Tuesday, October 30, 2007

The Beautiful and Damned by F. Scott Fitzgerald

The morning book club will be meeting on Friday at 10:30 a.m to discuss F. Scott Fitzgerald’s The Beautiful and Damned. Fitzgerald is celebrated for his social observations of America in the 1920s (he coined the term Jazz Age) and his lyrical prose.

Anthony and Gloria were based partly on Fitzgerald and his wife Zelda. Like Gloria and Anthony, Scott and Zelda had marathon talks lasting past midnight; drank and went to parties (sometimes taking a nap or a bath directly after they arrived at one); disregarded the housekeeping, lived beyond their means and moved around rental houses and hotels. Fitzgerald was stationed in Alabama in World War I, but the war ended before his unit was sent abroad. Richard Caramel, the writer, is also based on Fitzgerald’s experiences as a successful novelist and short story writer.

James E. Miller Jr. suggests that Fitzgerald was influenced by H.L. Mencken's idea of a hero: an individual who struggles against "the harsh and meaningless fiats of destiny" and ultimately fails (Sergio Perosa, The Art of F. Scott Fitzgerald, page 47).

We'll be using these classics discussion questions to guide our discussion plus a few more:
1. How does Anthony Patch's quote on the title page, "The victor belongs to the spoils" relate to the novel?
2. Who are the beautiful and damned? Do you think Anthony and Gloria are responsible for their miserable lives, or was it fate? What does the title suggest?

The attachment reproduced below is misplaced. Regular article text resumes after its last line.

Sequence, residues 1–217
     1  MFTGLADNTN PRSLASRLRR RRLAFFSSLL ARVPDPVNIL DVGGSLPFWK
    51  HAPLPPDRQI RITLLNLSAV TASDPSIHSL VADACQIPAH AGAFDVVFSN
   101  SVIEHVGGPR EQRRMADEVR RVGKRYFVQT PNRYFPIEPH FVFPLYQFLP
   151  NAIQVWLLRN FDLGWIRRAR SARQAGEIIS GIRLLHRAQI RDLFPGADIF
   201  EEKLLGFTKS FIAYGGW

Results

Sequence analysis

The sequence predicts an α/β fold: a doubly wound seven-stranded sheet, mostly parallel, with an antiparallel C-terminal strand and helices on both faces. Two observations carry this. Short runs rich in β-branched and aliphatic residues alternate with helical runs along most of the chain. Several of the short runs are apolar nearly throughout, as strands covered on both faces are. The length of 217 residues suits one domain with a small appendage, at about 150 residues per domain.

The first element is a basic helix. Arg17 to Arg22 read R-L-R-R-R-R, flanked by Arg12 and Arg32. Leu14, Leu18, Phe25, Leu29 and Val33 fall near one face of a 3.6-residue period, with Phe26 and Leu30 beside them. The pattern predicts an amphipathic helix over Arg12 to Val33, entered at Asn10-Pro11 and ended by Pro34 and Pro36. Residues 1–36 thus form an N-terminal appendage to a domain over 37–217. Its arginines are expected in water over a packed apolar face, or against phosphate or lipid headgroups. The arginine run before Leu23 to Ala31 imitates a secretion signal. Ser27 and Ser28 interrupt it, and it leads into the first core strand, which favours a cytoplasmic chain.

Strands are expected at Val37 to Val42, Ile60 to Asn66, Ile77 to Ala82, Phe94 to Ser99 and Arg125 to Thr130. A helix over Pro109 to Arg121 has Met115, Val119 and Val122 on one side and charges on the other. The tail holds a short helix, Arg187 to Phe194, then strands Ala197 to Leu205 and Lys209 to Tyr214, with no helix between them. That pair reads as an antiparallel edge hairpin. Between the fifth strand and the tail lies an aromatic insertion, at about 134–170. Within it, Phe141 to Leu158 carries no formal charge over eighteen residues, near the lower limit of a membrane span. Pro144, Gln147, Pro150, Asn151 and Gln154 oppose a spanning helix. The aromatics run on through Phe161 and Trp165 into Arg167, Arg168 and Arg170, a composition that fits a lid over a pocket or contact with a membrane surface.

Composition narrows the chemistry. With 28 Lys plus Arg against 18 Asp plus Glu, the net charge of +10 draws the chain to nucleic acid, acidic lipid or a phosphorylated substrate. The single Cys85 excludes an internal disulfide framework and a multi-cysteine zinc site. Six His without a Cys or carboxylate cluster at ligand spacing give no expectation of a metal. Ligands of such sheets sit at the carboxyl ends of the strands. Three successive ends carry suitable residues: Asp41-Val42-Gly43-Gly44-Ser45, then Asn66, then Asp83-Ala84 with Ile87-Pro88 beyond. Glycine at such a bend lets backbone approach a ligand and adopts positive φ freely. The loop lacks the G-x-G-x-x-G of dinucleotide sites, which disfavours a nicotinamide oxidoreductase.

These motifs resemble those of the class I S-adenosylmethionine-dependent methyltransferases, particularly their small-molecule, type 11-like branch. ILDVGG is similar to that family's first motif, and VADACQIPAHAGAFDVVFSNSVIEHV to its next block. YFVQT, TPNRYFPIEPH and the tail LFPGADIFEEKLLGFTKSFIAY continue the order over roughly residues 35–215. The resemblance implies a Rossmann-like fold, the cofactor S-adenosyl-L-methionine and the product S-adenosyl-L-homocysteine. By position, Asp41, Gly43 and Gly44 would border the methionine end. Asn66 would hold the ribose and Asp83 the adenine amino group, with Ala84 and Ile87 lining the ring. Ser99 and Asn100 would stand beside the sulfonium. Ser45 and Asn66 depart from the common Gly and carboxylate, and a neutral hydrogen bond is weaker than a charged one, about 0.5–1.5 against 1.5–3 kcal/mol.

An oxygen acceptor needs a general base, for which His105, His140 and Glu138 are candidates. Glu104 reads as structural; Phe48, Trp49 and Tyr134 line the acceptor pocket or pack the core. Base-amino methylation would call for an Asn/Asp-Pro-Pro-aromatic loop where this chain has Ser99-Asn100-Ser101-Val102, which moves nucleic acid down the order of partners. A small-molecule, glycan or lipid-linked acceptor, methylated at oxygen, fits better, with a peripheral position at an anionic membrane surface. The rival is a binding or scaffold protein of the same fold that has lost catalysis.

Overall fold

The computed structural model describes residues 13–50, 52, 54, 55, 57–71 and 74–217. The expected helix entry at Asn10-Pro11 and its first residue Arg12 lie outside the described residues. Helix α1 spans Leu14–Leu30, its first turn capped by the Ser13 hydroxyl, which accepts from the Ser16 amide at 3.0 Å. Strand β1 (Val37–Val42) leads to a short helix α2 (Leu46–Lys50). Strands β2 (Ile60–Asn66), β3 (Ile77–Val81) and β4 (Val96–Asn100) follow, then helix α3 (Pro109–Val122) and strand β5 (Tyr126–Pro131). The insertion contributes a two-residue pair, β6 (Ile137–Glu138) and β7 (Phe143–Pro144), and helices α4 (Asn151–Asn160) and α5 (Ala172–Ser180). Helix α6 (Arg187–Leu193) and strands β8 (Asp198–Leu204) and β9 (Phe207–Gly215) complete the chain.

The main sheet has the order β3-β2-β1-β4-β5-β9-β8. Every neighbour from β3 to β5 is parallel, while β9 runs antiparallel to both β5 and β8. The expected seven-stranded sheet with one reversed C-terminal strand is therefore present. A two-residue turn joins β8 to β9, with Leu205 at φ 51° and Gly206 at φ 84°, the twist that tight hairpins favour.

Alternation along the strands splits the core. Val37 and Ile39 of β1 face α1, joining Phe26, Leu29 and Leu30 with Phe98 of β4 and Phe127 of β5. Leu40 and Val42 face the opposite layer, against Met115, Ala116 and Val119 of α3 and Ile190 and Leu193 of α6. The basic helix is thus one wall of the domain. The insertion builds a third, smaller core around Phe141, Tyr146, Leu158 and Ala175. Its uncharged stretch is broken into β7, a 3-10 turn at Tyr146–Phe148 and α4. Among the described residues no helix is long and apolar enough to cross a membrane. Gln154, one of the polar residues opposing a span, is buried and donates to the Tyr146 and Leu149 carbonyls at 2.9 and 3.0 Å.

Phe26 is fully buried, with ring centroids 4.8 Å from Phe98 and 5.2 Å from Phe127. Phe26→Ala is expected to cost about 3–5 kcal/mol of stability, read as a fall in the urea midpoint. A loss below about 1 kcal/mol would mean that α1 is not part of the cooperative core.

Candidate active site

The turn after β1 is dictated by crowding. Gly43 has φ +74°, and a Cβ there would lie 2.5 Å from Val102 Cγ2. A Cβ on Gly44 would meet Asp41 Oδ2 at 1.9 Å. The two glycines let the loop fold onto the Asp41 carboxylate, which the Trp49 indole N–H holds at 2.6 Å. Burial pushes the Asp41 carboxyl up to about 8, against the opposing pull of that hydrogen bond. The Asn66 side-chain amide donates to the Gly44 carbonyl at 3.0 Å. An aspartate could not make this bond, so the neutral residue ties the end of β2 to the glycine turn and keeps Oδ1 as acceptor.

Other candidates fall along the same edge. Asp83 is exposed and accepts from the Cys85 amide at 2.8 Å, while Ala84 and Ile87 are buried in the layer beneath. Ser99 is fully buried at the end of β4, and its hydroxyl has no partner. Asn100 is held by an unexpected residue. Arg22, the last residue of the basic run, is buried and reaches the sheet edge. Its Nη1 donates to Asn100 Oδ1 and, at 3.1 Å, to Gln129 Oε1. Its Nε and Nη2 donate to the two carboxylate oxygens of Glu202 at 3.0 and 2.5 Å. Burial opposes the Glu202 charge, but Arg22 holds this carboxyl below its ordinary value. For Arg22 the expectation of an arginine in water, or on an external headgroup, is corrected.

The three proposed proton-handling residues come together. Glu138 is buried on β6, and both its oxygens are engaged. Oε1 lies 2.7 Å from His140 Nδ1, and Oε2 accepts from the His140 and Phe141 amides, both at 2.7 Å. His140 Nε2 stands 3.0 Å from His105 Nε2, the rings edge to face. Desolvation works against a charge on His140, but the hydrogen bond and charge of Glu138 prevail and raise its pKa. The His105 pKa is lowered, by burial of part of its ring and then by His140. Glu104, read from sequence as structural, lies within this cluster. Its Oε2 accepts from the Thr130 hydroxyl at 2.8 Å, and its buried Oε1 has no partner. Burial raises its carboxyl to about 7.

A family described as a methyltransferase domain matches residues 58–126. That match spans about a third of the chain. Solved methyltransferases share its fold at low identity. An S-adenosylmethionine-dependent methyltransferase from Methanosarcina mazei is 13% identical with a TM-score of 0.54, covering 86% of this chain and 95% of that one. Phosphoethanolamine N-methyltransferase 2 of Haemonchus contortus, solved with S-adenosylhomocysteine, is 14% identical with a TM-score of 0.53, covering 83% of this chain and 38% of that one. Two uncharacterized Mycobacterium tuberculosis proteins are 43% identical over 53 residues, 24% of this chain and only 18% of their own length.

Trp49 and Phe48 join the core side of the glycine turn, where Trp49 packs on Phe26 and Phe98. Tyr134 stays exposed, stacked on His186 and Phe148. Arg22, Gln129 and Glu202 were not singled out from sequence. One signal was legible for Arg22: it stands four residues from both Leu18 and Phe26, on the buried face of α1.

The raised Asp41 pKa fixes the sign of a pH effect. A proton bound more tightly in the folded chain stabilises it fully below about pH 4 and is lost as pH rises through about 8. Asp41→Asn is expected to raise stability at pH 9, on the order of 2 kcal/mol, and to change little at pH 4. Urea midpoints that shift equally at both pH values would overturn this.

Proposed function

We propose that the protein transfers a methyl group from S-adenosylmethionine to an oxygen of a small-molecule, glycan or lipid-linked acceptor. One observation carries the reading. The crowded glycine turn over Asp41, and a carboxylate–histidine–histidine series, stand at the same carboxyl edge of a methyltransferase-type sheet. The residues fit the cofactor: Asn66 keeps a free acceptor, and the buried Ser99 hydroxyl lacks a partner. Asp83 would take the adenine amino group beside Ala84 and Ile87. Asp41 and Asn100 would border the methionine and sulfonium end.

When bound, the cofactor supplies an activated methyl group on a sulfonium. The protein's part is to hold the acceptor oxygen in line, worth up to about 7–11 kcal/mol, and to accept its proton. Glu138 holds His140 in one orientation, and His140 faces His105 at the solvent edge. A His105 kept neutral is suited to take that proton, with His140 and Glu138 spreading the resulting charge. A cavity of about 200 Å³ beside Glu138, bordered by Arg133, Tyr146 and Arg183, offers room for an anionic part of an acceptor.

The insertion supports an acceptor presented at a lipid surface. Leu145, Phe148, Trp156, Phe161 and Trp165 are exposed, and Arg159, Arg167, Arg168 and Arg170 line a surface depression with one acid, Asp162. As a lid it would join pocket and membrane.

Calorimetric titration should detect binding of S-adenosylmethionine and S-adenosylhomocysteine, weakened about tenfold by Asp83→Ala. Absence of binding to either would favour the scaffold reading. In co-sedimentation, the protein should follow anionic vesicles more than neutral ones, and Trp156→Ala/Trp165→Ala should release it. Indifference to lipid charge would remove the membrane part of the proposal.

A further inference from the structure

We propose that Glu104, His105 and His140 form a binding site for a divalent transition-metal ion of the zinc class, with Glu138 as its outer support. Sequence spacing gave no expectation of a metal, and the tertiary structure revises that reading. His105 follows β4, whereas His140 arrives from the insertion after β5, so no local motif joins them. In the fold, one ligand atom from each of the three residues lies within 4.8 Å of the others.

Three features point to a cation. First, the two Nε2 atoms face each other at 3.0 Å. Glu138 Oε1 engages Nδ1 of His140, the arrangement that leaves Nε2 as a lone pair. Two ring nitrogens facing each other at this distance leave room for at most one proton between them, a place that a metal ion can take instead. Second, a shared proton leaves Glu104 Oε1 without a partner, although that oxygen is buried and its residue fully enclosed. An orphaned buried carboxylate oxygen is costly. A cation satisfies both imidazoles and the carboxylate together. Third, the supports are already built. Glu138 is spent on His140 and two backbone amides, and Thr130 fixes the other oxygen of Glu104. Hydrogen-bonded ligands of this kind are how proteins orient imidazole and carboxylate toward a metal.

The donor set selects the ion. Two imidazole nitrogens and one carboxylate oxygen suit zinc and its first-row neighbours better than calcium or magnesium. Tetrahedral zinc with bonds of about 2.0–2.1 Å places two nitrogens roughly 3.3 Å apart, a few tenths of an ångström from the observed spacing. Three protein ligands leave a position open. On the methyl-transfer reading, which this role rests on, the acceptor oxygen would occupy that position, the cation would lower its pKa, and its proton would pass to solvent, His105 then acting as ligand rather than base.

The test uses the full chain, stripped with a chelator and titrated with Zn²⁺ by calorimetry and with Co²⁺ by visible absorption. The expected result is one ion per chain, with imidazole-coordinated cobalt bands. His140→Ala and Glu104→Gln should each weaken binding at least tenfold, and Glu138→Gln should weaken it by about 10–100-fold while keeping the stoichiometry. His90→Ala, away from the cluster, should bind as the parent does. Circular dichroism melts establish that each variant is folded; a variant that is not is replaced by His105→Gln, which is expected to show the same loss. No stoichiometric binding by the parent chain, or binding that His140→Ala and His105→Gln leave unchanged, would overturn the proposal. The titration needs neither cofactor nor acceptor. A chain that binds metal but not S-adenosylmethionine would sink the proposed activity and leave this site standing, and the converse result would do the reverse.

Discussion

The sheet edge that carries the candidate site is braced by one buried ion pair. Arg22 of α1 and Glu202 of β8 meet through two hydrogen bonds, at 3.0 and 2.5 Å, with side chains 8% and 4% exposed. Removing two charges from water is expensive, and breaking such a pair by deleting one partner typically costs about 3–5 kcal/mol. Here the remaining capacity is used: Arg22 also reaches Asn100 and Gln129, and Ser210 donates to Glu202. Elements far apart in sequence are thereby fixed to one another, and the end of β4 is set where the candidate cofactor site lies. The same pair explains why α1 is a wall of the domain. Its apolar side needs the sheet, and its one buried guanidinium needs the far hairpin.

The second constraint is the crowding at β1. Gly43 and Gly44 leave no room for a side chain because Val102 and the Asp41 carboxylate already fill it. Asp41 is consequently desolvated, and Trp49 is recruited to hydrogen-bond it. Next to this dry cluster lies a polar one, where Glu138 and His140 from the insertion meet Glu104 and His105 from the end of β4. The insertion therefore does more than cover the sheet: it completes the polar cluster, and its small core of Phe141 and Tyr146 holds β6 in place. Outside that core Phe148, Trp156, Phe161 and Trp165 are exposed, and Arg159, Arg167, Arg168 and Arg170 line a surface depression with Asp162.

3. Do you see Anthony as a man without purpose, or as a man who won't compromise with a brutal world? What are some of his failures?
4. Why do you think Gloria fell in love with Anthony? Would she have been happier with Bloeckman?
5. Did the book glorify Anthony and Gloria's hedonism, or moralize against it? Why?
6. Did you like this book or The Great Gatsby better? Why?


Uncle Art said...

How does Anthony Patch's quote on the title page, "The victor belongs to the spoils" relate to the often heard phrase:

"to the victor belongs the spoils"?

Is the former just a glib turn of the phrase?

Can you tell me if Fitzgerald did not write the later who did, where and when?

Ellen said...

I looked up "To the victor belong the spoils" in the 6th edition of The Home Book of Quotations. It attributes the phrase to NY Senator William Marcy who said it in a speech in 1832. As far as I know, "The victor belongs to the spoils" was invented by Fitzgerald. (It's not in our quotation books here at BHPL.) I don't think it's glib. If you read the book, you'll see how Anthony Patch's wealth ruins him.